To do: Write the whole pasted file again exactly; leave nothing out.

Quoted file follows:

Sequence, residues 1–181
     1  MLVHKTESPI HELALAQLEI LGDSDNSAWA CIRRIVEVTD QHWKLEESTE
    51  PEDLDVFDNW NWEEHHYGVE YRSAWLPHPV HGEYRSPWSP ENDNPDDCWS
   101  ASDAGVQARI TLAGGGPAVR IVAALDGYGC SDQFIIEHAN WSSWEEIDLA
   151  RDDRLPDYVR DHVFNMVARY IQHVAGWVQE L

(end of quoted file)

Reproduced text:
Sequence, residues 1–181
     1  MLVHKTESPI HELALAQLEI LGDSDNSAWA CIRRIVEVTD QHWKLEESTE
    51  PEDLDVFDNW NWEEHHYGVE YRSAWLPHPV HGEYRSPWSP ENDNPDDCWS
   101  ASDAGVQARI TLAGGGPAVR IVAALDGYGC SDQFIIEHAN WSSWEEIDLA
   151  RDDRLPDYVR DHVFNMVARY IQHVAGWVQE L